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Obama Should Give Trump A Teachable Example of Limits to Presidential Power

December 18, 2016

By Joe Rothstein

Former Alabama Governor Don Siegelman is a political prisoner. As an act of justice, before President Obama turns over the keys to the White House to Donnald Trump, he should use those keys to unlock Siegleman’s prison cell and give him a full pardon.

A pardon would not retrieve Siegelman’s lost years---he’s nearing the end of 78-month sentence. Neither would it restore Siegelman’s political career or reputation. But it would be a clear message to the incoming administration that the United States of America is not a nation that tolerates jailing the political opponents of those in power.

Siegelman’s “crime” was being a progressive Democratic governor in Alabama and becoming the political enemy of President George W. Bush’s political guru, Karl Rove.

Here was the case they brought against Siegelman: While governor, he re-appointed a political donor to the state’s unpaid hospital board. The donor contributed, not to Siegelman, but to Siegelman’s campaign to create a state lottery to benefit Alabama’s educational system.

If appointing campaign donors to public office is a crime, legions of presidents, governors, mayors and other elected officials are also guilty. The Siegelman case is clearly a bogus and outrageous misuse of the legal system to punish a political opponent.

According to an Alabama Republican lawyer’s sworn statement, while on a conference call she heard Rove tell campaign workers not to worry about Siegelman because the “girls” would see to it he would not be a political threat in the future. The “girls” were two Bush-appointed U.S. attorneys, one of them the wife of the Rove associate who managed the campaign against Siegelman.

Shortly after this whistleblower went public, her house mysteriously burned down and her car was run off the road by a private investigator. The “star witness” who testified against Siegelman is a convicted felon.

The Siegelman case screams out for the justice of a full pardon. At stake is more than one man’s future. Those of us who didn’t back Donald Trump in the presidential campaign accept the fact that during the Trump White House years there will be epic political combat in many policy areas. That’s the way the system works. The winners play offense with their initiatives. The opposition does its best to limit what it considers the potential damage.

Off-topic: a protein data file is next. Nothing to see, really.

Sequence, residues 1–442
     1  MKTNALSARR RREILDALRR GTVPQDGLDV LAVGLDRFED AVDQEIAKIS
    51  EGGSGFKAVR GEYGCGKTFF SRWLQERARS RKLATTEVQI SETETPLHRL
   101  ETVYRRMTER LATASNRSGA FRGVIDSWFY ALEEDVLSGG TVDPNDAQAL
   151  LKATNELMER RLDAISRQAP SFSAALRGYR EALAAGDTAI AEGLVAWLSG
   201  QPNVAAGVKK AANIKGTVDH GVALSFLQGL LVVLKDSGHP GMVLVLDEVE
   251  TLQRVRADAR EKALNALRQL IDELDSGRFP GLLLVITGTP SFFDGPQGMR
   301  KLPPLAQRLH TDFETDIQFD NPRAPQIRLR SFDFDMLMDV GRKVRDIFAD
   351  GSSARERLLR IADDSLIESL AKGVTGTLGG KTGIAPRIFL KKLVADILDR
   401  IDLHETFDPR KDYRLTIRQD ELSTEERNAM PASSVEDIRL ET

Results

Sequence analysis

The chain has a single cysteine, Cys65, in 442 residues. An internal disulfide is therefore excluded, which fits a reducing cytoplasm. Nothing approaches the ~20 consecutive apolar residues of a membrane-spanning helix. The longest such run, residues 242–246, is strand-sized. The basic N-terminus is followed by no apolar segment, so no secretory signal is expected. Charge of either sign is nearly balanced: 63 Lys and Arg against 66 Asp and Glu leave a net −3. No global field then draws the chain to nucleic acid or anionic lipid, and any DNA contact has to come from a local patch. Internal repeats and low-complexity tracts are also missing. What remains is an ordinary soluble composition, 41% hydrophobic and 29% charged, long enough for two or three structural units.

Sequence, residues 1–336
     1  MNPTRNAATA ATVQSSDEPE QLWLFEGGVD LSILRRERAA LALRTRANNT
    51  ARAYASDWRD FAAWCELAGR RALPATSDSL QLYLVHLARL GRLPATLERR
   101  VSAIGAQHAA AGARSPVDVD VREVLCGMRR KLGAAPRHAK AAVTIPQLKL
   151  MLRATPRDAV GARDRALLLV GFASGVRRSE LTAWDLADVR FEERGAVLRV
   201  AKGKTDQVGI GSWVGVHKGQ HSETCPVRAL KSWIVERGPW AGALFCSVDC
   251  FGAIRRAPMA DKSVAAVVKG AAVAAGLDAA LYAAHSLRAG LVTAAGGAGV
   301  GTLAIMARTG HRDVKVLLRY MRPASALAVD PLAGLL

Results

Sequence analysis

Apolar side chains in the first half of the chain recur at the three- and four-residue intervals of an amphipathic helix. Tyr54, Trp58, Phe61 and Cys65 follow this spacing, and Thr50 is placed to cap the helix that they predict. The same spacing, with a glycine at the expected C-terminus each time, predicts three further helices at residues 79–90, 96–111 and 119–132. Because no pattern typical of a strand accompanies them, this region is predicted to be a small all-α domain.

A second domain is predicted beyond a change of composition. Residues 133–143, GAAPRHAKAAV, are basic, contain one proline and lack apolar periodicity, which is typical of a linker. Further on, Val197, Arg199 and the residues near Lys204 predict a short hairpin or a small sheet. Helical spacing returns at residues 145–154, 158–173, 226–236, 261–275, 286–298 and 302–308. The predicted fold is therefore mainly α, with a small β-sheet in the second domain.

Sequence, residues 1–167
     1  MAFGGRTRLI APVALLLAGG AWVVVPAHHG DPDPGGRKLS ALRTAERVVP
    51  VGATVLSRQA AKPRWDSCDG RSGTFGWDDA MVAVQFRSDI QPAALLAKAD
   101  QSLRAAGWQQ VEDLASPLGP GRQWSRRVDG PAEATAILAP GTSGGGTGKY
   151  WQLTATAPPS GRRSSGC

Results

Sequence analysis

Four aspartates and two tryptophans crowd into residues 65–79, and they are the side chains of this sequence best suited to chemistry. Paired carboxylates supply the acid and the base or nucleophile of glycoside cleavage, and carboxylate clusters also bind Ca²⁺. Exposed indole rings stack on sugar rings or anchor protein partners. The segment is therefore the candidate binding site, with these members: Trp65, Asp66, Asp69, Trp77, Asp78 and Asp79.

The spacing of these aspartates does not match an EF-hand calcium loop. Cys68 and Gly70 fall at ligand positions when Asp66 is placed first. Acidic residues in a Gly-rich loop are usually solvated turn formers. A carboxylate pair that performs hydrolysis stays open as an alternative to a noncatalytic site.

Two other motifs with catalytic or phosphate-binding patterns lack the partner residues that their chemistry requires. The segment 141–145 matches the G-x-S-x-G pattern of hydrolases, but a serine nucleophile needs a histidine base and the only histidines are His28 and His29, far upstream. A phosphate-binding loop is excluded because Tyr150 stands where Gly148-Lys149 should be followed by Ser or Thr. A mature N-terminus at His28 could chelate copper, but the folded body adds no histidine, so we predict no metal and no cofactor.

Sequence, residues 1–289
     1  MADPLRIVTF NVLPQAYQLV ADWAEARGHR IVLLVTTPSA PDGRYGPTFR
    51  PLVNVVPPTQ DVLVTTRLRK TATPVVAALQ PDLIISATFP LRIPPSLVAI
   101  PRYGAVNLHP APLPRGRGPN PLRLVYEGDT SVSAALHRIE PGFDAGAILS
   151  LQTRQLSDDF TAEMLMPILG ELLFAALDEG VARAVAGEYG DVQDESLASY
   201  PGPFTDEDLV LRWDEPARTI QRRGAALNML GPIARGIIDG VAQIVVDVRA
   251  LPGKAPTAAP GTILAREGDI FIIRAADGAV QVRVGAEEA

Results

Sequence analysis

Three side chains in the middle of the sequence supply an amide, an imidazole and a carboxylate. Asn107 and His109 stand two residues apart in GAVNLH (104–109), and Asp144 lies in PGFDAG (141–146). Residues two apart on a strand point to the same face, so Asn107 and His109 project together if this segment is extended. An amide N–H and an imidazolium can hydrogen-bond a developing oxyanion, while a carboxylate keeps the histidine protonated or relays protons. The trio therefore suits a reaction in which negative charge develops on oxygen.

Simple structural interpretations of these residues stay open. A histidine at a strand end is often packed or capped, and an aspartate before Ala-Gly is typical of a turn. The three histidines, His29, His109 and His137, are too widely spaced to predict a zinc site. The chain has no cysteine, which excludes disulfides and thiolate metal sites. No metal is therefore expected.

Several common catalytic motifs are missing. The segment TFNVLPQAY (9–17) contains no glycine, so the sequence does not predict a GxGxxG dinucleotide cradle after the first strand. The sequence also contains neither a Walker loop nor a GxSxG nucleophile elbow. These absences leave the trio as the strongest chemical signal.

Trump’s high level appointments and policy declarations, as worrisome as most are, pale next to the blood sport signals emanating from the “lock her up” chorus. It’s not encouraging that the man who will become president is inflaming the passions of his supporters and mocking his opposition during this post-election period. The demand for the names of federal employees who worked on climate change policy is equally chilling. So is the apparent role the FBI played in helping Trump’s candidacy, through its own actions and its leaks through Rudy Giuliani.

During George W. Bush’s presidency Democratic officials, candidates and fundraisers were five times more likely to be prosecuted by Bush’s Justice Department than Republican counterparts. And Bush, by all accounts, was not a vindictive man. Trump, by contrast, has made a career of personally going after those who fail to pay him homage. Trump’s litigious record is ripe with his efforts to punish opponents legally and financially.

Once in the White House he will command a worldwide intelligence network, the military, the Justice Department, the IRS, dozens of regulatory agencies and other weapons to wield against his opposition. Trump's rhetoric during the campaign demonstrated little understanding of the constitutional or legal limits to his use, or abuse of all that power.

It’s the prospect of democracy and the rule of law itself going off the rails during Trump’s reign that’s most frightening---his admiration of Vladimir Putin’s extra-legal one-man rule, his lack of personal financial transparency, his apparent intention to be president and business mogul simultaneously, justified by brazenly telling us the law doesn’t apply to him.

The history of the United States is one of 225 years of political combat and turmoil. What we’re facing with a Trump administration isn’t new on that level. But we’ve never had a president who's told us, and appears to believe, “I alone can fix it.” That’s not a reassuring promise, it's a dangerous, autocratic threat.

The Siegelman case is text book abuse of political power. President Obama must pardon Siegelman as a message to Trump and his incoming team that there are limits to their power, and that the nation that invented modern democracy intends to enforce those limits.

(Joe Rothstein can be contacted at joe@einnews.com)

Joe Rothstein's highly-acclaimed political novel, "The Latina President and The Conspiracy to Destroy Her" is now on sale at Amazon.

Joe Rothstein is editor of U.S. Politics Today. His career in politics spans 35 years, as a strategist and media producer in more than 200 campaigns for political office and for many political causes. He was a pioneer in professional political consulting and one of the founding members of the American Association of Political Consultants. During his career Mr. Rothstein has served as editor of the Pulitzer Prize-winning Anchorage Daily News and adjunct professor at George Washington University's Graduate School of Political Management. He has a master's degree in journalism from UCLA.